Standard Chartered has been imposed with a massive fine amounting to $1.1bn by regulators in both the United Kingdom and the United States of America for failing to ensure that customers were not laundering cash or use the ng money for illegal activities, such as arms dealing or terrorism.
Today, the emerging markets-focused bank announced that it will be paying $1.1bn to settle the investigation conducted by the Financial Conduct Authority (FCA) in the United Kingdom, as well as some agencies in the United States including the US Department of Justice. StanChart will be paying £102m to the FCA and $947m to the US agencies.
The record-breaking fines are linked to failings at the bank around anti-money laundering sanctions and controls, largely related to dealings with Iran.
Brian A. Benczkowski, the US assistant attorney general, stated: “Today’s resolution sends a clear message to financial institutions and their employees: If you circumvent US sanctions against rogue states like Iran — or assist those who do — you will pay a steep price.”
The New York Department of Financial Services (DFS) said that it identified at least $600m that was processed by the London and Dubai offices of StanChart that may have been linked to Iran. It said that the compliance officers of StanChart “utterly failed to take steps to ensure that transactions from Iran were blocked.”
These failings were discovered during a separate probe into the handling of StanChart of $150m-worth of business for a sanctioned petrochemical company in Iran.
As well as failing to block Iranian money flows, the probe also discovered that a manager of StanChart “advised an Iranian front company located in Dubai how to evade detection by changing its corporate name and then opening a new account.” Another manager in Dubai took money from a sanctioned Iranian firm to buy themselves a car.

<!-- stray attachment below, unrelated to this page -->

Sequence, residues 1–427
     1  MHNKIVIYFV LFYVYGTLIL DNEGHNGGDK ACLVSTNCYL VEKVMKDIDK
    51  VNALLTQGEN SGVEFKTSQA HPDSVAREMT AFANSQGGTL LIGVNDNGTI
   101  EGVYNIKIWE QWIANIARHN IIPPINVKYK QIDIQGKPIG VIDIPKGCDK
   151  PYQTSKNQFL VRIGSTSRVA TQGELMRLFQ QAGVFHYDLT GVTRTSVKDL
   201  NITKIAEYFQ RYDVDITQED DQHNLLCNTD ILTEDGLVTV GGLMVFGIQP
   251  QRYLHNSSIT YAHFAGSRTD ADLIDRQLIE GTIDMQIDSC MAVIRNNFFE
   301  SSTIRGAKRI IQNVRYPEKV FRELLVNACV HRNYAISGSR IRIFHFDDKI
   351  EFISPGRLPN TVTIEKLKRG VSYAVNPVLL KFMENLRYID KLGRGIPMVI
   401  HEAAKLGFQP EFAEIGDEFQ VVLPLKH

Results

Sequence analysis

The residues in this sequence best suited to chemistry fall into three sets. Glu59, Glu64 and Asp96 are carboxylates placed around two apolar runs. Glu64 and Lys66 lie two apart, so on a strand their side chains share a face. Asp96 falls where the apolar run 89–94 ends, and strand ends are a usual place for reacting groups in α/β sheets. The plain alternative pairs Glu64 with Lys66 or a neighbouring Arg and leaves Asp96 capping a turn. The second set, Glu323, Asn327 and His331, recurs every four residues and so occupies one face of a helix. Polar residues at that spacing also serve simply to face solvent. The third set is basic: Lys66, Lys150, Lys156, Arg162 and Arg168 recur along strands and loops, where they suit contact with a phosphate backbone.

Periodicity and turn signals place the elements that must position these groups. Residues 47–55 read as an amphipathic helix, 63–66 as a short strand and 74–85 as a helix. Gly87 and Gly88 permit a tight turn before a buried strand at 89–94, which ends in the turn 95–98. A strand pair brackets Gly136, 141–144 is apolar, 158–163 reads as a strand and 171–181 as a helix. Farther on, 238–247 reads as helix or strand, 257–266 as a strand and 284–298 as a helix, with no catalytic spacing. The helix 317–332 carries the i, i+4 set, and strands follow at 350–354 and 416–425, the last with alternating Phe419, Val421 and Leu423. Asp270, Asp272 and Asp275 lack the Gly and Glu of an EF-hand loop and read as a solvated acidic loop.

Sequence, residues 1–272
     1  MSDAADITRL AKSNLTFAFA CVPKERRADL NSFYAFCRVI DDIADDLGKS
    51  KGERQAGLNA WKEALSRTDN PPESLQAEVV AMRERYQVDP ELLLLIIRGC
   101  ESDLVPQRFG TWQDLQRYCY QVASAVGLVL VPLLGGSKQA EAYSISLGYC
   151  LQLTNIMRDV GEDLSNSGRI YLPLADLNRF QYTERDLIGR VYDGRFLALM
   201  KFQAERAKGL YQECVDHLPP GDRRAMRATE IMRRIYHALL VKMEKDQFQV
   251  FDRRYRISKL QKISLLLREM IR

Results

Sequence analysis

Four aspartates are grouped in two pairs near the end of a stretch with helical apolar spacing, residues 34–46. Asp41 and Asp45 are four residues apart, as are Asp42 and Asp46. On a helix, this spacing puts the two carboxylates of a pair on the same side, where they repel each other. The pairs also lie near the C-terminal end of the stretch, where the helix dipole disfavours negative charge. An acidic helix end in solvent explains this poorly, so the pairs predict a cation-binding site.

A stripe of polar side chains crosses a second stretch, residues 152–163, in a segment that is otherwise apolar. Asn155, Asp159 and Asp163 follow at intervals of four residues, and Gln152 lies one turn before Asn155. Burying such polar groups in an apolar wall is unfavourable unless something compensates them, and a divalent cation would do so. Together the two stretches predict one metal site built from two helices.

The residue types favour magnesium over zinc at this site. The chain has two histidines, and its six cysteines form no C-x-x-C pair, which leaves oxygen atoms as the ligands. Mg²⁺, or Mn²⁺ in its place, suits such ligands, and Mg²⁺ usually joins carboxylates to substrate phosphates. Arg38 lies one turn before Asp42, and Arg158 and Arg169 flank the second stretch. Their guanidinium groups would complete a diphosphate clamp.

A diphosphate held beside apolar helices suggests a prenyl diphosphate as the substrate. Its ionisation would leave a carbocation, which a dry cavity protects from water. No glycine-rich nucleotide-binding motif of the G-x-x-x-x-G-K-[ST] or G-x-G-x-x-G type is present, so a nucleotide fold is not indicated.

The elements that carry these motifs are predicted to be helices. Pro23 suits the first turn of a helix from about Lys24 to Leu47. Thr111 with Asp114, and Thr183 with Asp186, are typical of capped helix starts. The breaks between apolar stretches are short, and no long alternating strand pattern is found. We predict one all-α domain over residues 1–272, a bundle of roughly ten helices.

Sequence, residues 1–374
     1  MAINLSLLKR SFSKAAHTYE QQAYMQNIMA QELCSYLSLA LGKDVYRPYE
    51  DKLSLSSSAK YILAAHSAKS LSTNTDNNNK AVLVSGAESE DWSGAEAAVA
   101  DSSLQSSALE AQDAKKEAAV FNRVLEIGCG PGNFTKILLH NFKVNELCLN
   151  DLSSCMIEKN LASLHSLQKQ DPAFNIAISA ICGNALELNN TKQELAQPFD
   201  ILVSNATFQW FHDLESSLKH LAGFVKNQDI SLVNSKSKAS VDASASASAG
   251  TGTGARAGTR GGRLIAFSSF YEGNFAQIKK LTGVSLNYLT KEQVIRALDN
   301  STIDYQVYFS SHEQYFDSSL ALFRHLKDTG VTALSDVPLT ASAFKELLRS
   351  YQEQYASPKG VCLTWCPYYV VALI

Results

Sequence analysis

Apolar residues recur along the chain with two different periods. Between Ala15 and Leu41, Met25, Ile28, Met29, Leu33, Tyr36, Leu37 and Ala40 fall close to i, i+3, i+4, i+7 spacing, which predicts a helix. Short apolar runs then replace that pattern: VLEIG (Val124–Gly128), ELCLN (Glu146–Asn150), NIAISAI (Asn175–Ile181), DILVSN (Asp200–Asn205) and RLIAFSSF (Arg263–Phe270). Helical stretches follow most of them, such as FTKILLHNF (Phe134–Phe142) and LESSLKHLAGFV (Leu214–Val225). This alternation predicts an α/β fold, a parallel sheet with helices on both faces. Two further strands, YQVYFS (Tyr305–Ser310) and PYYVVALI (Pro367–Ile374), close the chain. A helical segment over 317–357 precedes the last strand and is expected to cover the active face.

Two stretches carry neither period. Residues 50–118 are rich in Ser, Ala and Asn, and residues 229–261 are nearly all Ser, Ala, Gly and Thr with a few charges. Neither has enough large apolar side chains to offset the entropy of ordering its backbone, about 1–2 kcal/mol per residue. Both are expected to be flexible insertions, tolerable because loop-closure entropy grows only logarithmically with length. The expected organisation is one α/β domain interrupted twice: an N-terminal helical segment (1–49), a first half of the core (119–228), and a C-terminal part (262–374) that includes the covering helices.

In a statement, Linda Lacewell, the DFS acting superintendent, stated: “While Standard Chartered has taken significant remedial measures since 2014 to develop a more robust program to prevent these egregious activities, the time has come for the bank to finish the job.”
She added: “DFS will take whatever measures necessary to ensure that the bank lives up to its word and maintains effective safeguards against sanctions violations and money laundering.”
The FCA also detailed “serious and sustained shortcomings” at StanChart. These included “opening an account with 3m UAE Dirham in cash in a suitcase with little evidence that the origin of the funds had been investigated.” That’s just over £500,000 or $800,000.
The FCA said that StanChart was also not able “to collect sufficient information on a customer exporting a commercial product which could, potentially, have a military application.”
The director of enforcement and market oversight at the FCA, Mark Steward, disclosed: “Standard Chartered’s oversight of its financial crime controls was narrow, slow, and reactive.”
He added: “These breaches are especially serious because they occurred against a backdrop of heightened awareness within the broader, global community, as well as within the bank, and after receiving specific attention from the FCA, US agencies, and other global bodies about these risks.”
“The Group accepts full responsibility for the violations and control deficiencies outlined in the resolution documents, the vast majority of which predated 2012 and none of which occurred after 2014,” Standard Chartered said in a statement.
He continued: “These violations include the actions of two former junior employees who were aware of certain customers’ Iranian connections and conspired with them to break the law, deceive the Group, and violate its policies. Such behaviour is wholly unacceptable to the Group.”
The Standard Chartered group chief executive, Bill Winters, stated: “We are pleased to have resolved these matters and to put these historical issues behind us.”
He added: “The circumstances that led to today’s resolutions are completely unacceptable and not representative of the Standard Chartered I am proud to lead today.
He continued: “Fighting financial crime is central to what we do and who we are; we do not tolerate misconduct or lax controls and we will continue to root out any issues that threaten the trust we have built over more than 160 years.”